Comedian Rosie Jones on the joys of British holidays and being a disability figurehead

Rosie Jones is in fine fettle as we chat via Zoom. And well she might be given that her star is very much in the ascendancy right now.
Rosie Jones with Joe Wilkinson in Whitby. (Picture: Channel 4/Amy Brammall).Rosie Jones with Joe Wilkinson in Whitby. (Picture: Channel 4/Amy Brammall).
Rosie Jones with Joe Wilkinson in Whitby. (Picture: Channel 4/Amy Brammall).

“I don’t normally take bank holidays off but I had four days doing nothing and I didn’t realise how much I needed it,” she says cheerfully.

The past 12 months have been disastrous for many comedians who rely on live performances to make a living, but the work has kept coming in for the Bridlington-born comedian who has a children’s book due out this summer and whose new Channel 4 travel show starts this evening.

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The show’s working title was A Great British, Female, Gay, Disabled, Covid Compliant Adventure, before later being changed to Trip Hazard: My Great British Adventure.

Rosie Jones with Scarlett Moffatt in the Lakes. (Picture: Channel 4/Amy Brammall).Rosie Jones with Scarlett Moffatt in the Lakes. (Picture: Channel 4/Amy Brammall).
Rosie Jones with Scarlett Moffatt in the Lakes. (Picture: Channel 4/Amy Brammall).

In the four-part series Rosie is joined by celebrity pals Scarlett Moffatt Joe Wilkinson, Jamali Maddix and Jenny Eclair and together they explore four different places, including Whitby, soaking up the glorious scenery and celebrating tourist landmarks and quirky local customs.

She kicks off her quirky journey when she takes TV presenter and personality Scarlett Moffatt to the Lake District where they try their hand at everything from Cumberland sausage-making to a Viking battle reenactment.

From the outset Trip Hazard, narrated with mischievous glee by Olivia Colman, playfully parodies the typical travel show format splicing Rosie’s jaunts with behind-the-scenes conflabs and guest cameos.

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The show’s deliberate irreverence reflects Rosie’s own personality. “I don’t take things too seriously, so when we were making the travel show I didn’t want to be earnest. I wanted to do things that I would do if I was on holiday.”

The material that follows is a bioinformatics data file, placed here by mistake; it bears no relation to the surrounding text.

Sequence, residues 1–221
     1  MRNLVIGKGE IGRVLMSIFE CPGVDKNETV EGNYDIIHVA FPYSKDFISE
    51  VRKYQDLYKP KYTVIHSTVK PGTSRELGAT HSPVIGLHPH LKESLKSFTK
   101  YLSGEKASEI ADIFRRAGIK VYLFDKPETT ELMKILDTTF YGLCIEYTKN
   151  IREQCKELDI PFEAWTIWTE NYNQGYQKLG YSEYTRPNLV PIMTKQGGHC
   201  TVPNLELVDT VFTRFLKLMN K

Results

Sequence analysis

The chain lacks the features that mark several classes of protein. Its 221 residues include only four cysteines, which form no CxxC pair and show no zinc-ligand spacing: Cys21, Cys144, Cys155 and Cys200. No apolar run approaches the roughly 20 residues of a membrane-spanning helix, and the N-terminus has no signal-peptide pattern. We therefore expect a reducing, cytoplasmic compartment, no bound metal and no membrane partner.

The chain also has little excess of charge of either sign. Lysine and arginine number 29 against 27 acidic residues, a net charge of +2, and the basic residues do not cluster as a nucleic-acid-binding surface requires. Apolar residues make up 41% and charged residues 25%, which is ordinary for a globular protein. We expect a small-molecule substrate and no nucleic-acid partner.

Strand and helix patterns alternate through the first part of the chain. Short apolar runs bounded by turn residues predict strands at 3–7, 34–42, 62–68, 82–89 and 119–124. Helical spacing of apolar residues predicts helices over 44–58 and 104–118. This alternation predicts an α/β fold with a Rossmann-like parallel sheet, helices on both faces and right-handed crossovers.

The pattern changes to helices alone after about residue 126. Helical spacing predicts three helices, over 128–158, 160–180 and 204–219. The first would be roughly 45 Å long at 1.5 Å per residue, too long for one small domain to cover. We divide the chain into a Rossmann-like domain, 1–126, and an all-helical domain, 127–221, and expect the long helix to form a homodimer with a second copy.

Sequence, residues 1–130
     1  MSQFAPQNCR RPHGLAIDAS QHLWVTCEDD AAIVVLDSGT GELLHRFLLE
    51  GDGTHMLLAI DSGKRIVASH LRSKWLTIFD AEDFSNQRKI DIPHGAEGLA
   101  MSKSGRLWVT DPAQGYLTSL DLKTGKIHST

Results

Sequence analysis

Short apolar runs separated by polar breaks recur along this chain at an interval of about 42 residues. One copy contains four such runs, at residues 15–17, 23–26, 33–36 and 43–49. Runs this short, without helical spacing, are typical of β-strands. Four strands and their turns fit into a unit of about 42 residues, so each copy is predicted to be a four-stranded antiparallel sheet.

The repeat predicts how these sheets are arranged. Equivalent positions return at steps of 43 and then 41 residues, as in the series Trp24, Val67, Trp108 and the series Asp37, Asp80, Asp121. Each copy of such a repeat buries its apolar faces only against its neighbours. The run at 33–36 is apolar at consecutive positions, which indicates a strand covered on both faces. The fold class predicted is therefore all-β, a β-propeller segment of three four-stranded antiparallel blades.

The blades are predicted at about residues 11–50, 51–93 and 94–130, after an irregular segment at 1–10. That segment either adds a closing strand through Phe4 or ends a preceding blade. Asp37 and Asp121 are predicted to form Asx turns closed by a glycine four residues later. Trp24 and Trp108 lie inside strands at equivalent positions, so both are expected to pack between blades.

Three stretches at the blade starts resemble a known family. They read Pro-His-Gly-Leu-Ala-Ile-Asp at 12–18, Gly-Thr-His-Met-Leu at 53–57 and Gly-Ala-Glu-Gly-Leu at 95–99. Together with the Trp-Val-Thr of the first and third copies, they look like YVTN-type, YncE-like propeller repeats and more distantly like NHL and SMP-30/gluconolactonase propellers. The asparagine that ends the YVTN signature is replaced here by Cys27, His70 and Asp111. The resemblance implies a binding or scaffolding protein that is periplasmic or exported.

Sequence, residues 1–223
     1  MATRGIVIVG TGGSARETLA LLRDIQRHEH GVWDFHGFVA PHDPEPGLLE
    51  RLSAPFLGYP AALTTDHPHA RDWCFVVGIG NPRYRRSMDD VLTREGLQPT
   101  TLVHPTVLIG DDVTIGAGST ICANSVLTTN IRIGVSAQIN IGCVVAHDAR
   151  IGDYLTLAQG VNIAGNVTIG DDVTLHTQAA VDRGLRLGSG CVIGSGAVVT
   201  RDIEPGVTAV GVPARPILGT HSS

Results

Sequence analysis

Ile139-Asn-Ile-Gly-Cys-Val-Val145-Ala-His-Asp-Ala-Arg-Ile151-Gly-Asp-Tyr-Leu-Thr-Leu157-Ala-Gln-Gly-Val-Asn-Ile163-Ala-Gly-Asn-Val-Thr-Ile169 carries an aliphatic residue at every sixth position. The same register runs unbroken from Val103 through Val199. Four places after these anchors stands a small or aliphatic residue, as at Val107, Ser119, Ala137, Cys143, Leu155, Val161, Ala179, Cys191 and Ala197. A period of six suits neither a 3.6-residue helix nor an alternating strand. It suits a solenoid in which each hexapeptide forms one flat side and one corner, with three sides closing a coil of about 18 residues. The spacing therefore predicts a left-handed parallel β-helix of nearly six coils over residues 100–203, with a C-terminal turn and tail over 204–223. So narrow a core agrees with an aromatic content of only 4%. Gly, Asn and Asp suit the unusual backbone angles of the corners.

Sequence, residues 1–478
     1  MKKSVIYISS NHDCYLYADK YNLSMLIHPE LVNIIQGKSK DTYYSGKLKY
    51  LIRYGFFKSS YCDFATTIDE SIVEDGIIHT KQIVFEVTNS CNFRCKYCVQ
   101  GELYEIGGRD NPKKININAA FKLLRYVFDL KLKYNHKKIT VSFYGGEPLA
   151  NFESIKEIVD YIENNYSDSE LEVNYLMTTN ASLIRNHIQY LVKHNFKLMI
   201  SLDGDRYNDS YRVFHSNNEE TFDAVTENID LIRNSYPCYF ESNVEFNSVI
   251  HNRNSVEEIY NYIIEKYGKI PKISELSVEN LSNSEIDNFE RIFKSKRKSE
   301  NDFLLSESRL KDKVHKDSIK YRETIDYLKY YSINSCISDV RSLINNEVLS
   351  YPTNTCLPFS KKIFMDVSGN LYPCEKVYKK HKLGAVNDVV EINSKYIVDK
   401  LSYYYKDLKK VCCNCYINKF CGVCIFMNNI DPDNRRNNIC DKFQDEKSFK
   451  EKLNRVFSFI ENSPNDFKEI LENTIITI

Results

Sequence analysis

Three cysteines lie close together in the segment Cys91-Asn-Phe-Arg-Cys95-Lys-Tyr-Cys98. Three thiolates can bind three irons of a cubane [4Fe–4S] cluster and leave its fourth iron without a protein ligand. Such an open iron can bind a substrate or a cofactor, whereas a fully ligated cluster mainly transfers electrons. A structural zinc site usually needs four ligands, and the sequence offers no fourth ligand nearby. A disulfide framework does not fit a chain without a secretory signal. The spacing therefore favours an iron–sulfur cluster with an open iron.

It makes for warm, funny TV. “In Wales I went on a zip-line and I’ve never been pushed so far out of my comfort zone. But everywhere I went I met so many interesting people and each place brought its own joys and challenges.”

She filmed the whole series back to back which meant an intense couple of weeks. “I came back to London and I slept for about three days. But even though I was knackered I remember thinking ‘I think I’ve just had the best two weeks of my life.’”

It was particularly tiring for Rosie as she has ataxic cerebral palsy, which affects her speech and movement.

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Though she lives in London, when the pandemic struck she decided to return to her parents’ home in Bridlington, the town where she grew up. “I’m proud to be from Yorkshire and I love it, but I didn’t really enjoy growing up in Bridlington and I couldn’t wait to leave. But going back last year after a decade away I thought ‘actually it’s brilliant’.”

This sowed the seed for the TV series. “Right now a lot of the country is quite negative and we’re not very enthusiastic about how great Great Britain is, and on top of that the fact we can’t go abroad has made us a bit down about the country we live in. So I wanted to show people that Britain is actually beautiful and full of iconic scenery and has some of the best people in the world.”

Rosie says she grew up in a loving and funny family where everyone told jokes. But even though she would often be the one telling jokes on nights out with her friends, she says she never really entertained the idea of a career in comedy or being a stand-up.

“When I was a researcher I worked with comedians and figured out that they get paid a lot more money for a lot less work. I’m not a negative person and I have never been ‘woe is me’, but I thought the idea that I could be a comedian was off limits, because of my disabilities. Mainly because of how I speak. I thought nobody wants the world’s slowest comedian.”